Corporate 401(k) >$100MM – $800MM

Southeastern Freight Lines, Inc.

DEFAULT INVESTMENT:  T. Rowe Price Retirement Date Trust Funds

Among a variety of impressive retirement plan improvement initiatives in the past few years, Southeastern Freight Lines, Inc., in Lexington, South Carolina, has devoted significant time and resources to reconsidering “the distribution question.”

Alvin Shaver, director of compensation and benefits of this privately owned American lighter-than-load (LTL) trucking company, admits it has been a challenging effort but one that employees have greatly appreciated. To this end, Southeastern Freight was one of the earliest adopters of T. Rowe Price’s Retirement Income Manager offering when it became available six or seven years ago. Its purpose: to help participants determine exactly how much income they will need in retirement and then create a specific drawdown strategy for their savings.

Once added to a plan, participants of any age can use the solution to estimate, by accounting for certain variables, the amount of income their current plan assets might support in retirement. Pre-retirees use the tool to see the impact their contributions, annual increases and asset-allocation choices might have on their estimated future retirement income stream. Armed with this information, down the line, near-retirees can more easily establish an automatic installment payment program, select an investment strategy, and set regular withdrawals from their 401(k) account until the assets are depleted.

“It really is a great product,” Shaver says. Important to note, with the ongoing changes brought about by the Department of Labor (DOL) fiduciary rule reforms, T. Rowe Price recently had to step back and pause the offering of the Income Manager. This is actually still an unfolding effort, but, Shaver says, the solution will be rolled back out to participants “very soon.”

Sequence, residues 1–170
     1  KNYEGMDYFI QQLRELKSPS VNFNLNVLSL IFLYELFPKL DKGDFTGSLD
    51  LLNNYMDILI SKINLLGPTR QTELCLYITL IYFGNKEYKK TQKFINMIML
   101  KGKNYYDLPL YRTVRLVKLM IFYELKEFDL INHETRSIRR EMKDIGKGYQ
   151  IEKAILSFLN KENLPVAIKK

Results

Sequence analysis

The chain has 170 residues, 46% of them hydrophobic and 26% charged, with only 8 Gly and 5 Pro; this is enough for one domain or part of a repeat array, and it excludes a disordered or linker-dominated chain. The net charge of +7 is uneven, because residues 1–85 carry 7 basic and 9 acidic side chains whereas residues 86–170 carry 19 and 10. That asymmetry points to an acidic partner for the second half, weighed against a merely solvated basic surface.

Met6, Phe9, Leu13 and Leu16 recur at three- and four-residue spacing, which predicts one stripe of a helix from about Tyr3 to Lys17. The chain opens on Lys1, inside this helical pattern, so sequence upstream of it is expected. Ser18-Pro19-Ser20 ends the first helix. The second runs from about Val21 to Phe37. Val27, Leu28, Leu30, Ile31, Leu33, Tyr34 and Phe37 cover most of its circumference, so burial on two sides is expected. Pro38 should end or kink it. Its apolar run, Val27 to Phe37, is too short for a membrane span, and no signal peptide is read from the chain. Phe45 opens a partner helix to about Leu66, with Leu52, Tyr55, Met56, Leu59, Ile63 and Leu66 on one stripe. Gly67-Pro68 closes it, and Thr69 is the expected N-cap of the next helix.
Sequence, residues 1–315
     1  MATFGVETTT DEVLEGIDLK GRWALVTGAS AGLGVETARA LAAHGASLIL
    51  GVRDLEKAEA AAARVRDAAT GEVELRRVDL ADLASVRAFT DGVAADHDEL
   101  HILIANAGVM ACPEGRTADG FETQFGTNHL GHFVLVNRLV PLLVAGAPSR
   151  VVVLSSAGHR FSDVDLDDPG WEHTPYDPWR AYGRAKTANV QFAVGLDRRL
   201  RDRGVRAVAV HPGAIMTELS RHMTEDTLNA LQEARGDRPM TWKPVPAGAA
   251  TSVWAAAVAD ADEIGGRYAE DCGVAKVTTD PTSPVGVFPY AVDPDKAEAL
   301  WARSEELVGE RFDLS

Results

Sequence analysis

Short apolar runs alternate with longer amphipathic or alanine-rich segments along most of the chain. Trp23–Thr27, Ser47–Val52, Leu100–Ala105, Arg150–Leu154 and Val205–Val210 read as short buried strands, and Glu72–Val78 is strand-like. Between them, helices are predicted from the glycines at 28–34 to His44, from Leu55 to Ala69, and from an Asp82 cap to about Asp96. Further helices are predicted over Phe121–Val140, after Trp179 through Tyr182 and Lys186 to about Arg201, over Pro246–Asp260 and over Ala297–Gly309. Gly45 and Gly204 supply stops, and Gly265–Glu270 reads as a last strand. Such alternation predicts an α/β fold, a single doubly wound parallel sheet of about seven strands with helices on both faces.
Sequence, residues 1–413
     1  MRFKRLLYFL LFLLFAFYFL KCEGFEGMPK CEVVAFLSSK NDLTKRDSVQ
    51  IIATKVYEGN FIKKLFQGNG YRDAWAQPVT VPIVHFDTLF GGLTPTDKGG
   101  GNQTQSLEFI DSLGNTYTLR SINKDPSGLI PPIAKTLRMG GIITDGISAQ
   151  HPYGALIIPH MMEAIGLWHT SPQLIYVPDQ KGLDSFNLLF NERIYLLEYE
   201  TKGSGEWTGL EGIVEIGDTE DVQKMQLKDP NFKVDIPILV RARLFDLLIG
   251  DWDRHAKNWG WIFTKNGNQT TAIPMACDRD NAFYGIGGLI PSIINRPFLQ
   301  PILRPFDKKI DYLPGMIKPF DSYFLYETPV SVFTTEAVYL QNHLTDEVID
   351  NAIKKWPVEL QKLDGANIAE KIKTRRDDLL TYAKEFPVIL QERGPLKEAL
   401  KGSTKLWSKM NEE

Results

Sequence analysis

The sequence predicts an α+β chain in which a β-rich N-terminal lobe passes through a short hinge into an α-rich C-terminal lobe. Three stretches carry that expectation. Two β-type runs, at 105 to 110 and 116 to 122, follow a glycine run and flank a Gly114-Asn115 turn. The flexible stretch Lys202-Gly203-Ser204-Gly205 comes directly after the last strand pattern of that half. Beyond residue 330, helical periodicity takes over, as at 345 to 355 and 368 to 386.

While it probably would be easier just to walk away from the offering, Shaver says, the company instead is doubling down, meanwhile working with T. Rowe Price and the plan’s consultant, Aon Hewitt, to make the retirement plan more functional for those who have left the work force.

“We feel it is very important to keep working to give people retirement income options [such as Income Manager] within the plan,” he says. “We don’t want people to feel like they have to leave our program upon retirement just so they can have more flexibility in structuring their income. We know the redesigned retirement Income Manager product will give a lot more flexibility to folks and really free them up to remain in the plan and take advantage of its great design as long as possible.”

Asked to explain the plan’s strong performance relative to regional and national peer employers, Shaver says fairness of compensation is very important to leadership. “Above all, we don’t like people to leave retirement dollars on the table,” he says.

It helps that the employer matches 50% of the first 10% of pay—a classic example of a stretch match that motivates full participation.

“We want people to be ready and able to retire at the appropriate time,” Shaver continues. “We have a lot of long-tenured associates, given our industry. We have some truck drivers who have been working with us for over 50 years. Because of our culture and the special place this is to work, we really do feel that paternalistic responsibility to help our people plan for retirement.”

In an effort to promote transparency and fairness, the company has transitioned to a level fee model across the plan participant population. Rather than waiting for participants to ask for this change, Southeastern Freight’s plan committee led the charge on this, Shaver says.

“Aon Hewitt really helped us make this level-fee vision a reality, and we really feel like it was the right thing to do from a fairness standpoint,” he concludes. —John Manganaro

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